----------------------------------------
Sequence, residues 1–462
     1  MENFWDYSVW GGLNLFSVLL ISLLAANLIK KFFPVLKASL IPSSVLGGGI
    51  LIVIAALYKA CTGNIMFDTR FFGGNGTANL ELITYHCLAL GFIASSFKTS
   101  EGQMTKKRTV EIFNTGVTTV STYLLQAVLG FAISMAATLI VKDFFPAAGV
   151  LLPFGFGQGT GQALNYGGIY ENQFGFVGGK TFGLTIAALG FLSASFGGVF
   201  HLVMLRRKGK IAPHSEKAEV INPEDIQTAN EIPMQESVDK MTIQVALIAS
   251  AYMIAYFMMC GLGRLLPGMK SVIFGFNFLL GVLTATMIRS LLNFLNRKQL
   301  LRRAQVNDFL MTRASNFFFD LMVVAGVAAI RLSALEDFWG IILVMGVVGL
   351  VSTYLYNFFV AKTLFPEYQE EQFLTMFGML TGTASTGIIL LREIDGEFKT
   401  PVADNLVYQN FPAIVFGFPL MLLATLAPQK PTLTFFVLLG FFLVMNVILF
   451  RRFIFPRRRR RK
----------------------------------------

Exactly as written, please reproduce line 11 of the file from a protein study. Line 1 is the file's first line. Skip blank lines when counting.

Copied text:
   451  RRFIFPRRRR RK